As domestic servants failed to unionise there were far fewer attempts to legislate for improved conditions. In a strange way the failure of the establishment, (who it has to be said had a vested interest in maintaining the status quo), to improve the lot of their servants eventually backfired. By the second decade of the twentieth century articles and advertisements in Newspapers and women’s magazine such as The Lady of the House, (a popular Dublin based magazine aimed at the upper class, but widely read by the middle class) indicate it was becoming more difficult to recruit domestic servants and moreover that potential servants were even beginning to set the terms of their employment!
Society experienced seismic changes in the early decades of the twentieth century, thanks in part to innovations in technology, the conception and establishment of the production line in factories and the roles assumed by women during WW1. All factors which contributed to the eventual demise of the legions of domestic servants who had administered to the aristocracy and subsequently the plutocracy in big country houses in England and Ireland.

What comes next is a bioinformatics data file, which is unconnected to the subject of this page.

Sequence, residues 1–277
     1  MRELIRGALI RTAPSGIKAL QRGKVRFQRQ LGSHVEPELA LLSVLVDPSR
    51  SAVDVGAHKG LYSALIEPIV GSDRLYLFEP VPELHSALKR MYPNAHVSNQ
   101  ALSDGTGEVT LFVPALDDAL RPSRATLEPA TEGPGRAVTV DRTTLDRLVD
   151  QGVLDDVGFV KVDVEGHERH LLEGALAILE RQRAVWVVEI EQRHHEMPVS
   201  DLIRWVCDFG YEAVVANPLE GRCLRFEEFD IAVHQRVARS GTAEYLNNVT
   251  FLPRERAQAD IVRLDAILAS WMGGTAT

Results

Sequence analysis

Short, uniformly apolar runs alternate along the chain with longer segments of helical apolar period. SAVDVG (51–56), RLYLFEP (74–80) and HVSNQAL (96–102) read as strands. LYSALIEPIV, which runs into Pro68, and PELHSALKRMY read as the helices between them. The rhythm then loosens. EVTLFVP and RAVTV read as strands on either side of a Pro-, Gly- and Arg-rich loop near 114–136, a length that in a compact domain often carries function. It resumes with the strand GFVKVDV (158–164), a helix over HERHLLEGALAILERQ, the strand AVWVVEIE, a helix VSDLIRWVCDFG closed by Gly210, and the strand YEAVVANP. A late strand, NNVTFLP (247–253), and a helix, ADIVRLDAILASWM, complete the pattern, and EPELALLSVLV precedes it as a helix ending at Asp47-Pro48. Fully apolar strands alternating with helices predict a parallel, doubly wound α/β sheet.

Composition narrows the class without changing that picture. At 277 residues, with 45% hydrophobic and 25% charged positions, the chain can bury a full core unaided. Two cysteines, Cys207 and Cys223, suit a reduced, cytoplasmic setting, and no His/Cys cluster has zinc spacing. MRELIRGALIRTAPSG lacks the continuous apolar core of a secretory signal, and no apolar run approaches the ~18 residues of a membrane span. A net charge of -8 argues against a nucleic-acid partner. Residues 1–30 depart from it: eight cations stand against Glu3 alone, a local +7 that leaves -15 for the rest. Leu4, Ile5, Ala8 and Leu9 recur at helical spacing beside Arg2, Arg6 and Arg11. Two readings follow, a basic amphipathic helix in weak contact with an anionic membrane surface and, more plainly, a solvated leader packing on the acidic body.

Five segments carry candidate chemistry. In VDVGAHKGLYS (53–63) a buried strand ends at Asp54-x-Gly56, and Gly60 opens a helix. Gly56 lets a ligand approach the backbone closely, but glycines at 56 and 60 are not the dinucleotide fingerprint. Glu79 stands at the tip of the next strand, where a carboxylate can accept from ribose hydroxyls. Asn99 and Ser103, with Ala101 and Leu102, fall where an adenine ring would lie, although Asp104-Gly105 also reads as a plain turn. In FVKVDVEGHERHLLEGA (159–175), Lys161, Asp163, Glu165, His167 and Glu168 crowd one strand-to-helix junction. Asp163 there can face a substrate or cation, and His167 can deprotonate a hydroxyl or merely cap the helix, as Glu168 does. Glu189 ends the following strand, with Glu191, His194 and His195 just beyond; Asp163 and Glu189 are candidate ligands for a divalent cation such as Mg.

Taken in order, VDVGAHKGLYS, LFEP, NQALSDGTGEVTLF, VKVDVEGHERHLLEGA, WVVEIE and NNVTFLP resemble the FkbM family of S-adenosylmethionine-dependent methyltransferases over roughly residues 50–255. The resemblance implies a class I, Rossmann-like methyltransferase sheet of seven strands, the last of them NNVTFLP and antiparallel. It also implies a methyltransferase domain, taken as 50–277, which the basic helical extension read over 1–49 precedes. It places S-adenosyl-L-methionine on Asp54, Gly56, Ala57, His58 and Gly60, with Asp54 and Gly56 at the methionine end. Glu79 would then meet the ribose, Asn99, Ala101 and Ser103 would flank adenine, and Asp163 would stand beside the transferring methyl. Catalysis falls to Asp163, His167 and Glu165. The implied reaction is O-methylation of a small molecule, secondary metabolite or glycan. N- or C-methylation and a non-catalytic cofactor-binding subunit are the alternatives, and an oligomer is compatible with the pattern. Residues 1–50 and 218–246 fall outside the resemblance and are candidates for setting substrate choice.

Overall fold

Girls like Alma now had the option to work in a shop, a factory or if she learned to type in an office. The early decades of the twentieth century introduced alternative sources of employment and former servants availed of these options in their droves.
So the next time you tune into a period drama featuring a host of domestic staff, watch out for those rose tinted inconsistencies. As for visitors who ask ‘The Servant Question’, be wary a torrent of ‘definitive’ information could be heading your way!
Quotes and References
1. Butlering with the best – beyond the green baize door
Sian Ellis | @BH__Travel Apr 14, 2020
British Heritage Travel
3. What if Downton Abbey told the truth about Britain?
The Guardian Mon 22 Dec 2014 18.17 GMT
4. The Go-Between
Originally published: 1953
Author: L. P. Hartley
Publisher: Hamish Hamilton
5. Low Incomes/Hard Conditions for Victorian Servants
6. Victorian London – Publications – Etiquette and Advice Manuals – Mrs. Beaton’s Book of Household Management, by Isabella Beeton, 1861 – Chapter 41 – Domestic Servants
7. Edwardian Life – Servant’s Rules
Servants: The True Story of Life Below Stairs. Dr Pamela Cox
BBC Two format: Documentaries.
‘Domestic servants in Dublin 1880-1920’, [thesis], Mona Hearn Trinity College (Dublin, Ireland). Department of History, 1880-1920
Srinivas, Lakshmi. “Master-Servant Relationship in a Cross-Cultural Perspective.” Economic and Political Weekly, vol. 30, no. 5, 1995, pp. 269–278. JSTOR, www.jstor.org/stable/4402351. Accessed 25 June 2020
Irish Labour History Society Archives
The National Archive of Ireland
The National Library of Ireland
The National Photographic Archive of Ireland